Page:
Print That's Debatable! Reading Comprehension with Sixth Grade Work
Print That's Debatable! Reading Comprehension
||edHelper's suggested reading level:
||grades 6 to 8
||Flesch-Kincaid grade level:
||assigned-topic, debatable, rebuttal, validity, well-underway, persuasive, thought-provoking, objective, best, formally, knowledgeable, credible, valid, critical, acknowledge, viewpoint
By Beth Beutler
1 Some people make a team sport out of it. Politicians formally conduct them. There are many sides to an issue, and a debate is the type of speech used to "talk it out."
2 There are debate teams who enjoy preparing their speeches and conducting them in competition. A political debate is similar, with both candidates being given an opportunity to share their views on a variety of subjects. There are usually guidelines to keep the debate orderly, although when two people argue, it can get emotional!
3 If you are going to be involved in a debate, here are some tips that you should consider. These can apply whether you are assigned a topic and viewpoint, or if you create one of your own.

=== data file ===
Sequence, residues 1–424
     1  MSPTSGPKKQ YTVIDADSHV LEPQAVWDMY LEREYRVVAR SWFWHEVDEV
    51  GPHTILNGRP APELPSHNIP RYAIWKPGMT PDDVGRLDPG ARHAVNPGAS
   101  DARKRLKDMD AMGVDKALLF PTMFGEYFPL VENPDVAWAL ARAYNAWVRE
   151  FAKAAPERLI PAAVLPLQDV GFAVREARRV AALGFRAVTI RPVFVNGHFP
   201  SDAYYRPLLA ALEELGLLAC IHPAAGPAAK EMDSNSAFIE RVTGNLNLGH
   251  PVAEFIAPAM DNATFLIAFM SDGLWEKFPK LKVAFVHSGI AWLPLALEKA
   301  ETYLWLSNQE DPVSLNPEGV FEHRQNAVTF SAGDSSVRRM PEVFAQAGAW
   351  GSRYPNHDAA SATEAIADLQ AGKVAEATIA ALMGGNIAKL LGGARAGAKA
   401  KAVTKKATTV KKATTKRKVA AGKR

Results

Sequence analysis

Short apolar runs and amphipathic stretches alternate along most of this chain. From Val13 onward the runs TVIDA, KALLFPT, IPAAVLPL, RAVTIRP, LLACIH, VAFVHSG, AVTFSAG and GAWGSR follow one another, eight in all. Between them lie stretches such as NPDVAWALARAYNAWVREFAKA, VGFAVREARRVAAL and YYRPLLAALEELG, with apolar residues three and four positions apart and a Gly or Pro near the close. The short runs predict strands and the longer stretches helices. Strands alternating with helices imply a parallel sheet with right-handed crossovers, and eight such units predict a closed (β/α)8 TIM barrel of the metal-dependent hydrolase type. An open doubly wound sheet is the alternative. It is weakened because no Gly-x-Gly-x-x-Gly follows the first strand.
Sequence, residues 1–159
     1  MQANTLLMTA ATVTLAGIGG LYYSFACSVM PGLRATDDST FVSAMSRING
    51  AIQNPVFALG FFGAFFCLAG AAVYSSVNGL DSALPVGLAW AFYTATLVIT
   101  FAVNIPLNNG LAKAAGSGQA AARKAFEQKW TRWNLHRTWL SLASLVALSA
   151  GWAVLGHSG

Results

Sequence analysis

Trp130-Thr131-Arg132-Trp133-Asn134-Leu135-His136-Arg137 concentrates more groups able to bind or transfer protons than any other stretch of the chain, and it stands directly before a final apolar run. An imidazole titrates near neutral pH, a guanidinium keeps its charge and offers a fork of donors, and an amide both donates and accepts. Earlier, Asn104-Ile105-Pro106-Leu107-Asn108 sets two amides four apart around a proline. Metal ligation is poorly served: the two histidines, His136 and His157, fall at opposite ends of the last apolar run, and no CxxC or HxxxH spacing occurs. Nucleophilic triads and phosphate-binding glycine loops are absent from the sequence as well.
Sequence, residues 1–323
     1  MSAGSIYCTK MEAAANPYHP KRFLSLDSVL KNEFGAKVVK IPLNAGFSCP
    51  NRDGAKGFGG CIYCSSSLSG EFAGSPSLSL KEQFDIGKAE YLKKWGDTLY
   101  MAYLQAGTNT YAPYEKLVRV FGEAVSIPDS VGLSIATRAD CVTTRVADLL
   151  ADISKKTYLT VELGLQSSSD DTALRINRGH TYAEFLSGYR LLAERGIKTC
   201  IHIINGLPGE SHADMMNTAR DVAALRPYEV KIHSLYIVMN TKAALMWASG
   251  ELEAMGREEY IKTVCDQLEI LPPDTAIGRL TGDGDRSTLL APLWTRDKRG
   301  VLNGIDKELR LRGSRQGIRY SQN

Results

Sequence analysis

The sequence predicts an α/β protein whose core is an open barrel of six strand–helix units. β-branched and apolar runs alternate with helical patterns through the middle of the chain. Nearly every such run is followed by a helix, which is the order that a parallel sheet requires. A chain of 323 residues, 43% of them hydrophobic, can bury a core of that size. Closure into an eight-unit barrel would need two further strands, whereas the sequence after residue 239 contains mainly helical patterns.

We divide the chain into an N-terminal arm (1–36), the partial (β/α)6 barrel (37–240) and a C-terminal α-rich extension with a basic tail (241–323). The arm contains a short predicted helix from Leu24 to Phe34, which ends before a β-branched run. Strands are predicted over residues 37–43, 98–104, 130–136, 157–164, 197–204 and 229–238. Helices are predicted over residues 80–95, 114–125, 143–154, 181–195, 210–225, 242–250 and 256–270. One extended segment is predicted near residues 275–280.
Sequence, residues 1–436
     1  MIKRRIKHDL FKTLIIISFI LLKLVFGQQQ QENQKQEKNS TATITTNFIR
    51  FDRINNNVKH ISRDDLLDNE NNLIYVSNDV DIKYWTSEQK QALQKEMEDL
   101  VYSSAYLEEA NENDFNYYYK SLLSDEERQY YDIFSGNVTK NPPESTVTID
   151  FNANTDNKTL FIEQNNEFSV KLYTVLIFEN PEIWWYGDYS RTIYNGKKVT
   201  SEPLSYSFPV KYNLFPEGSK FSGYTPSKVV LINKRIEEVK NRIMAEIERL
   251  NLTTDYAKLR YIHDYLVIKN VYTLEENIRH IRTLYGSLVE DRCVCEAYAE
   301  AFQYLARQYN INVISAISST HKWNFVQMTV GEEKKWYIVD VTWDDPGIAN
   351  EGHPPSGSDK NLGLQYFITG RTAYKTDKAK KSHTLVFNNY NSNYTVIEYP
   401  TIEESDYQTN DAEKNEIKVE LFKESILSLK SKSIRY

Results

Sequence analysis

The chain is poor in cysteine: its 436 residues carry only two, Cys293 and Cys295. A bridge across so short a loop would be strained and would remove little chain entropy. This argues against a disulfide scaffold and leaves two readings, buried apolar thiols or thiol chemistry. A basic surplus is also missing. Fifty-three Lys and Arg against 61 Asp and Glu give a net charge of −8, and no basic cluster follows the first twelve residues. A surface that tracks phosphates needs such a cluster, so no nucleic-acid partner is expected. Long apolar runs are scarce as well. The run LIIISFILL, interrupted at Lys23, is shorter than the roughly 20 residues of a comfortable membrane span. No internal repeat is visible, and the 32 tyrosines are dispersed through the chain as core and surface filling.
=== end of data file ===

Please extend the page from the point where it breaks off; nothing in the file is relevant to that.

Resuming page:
4 1. Know your subject. Be sure to take time to get to know your topic. When you are debating, you will be expected to come across as informed and knowledgeable. You cannot do that without being familiar with your topic. Read items from books and credible sources on the Internet. If possible, you may want to interview an expert on the subject. For example, if you are debating about treatment options for animals with illness, you may want to talk with a veterinarian.
5 2. Become very comfortable with the structure of the debate. It is important to know ahead of time how the debate will work. Will each side be given a specific amount of time? You will need to practice your statements so that they will fit into the allotted time.
Paragraphs 6 to 12:
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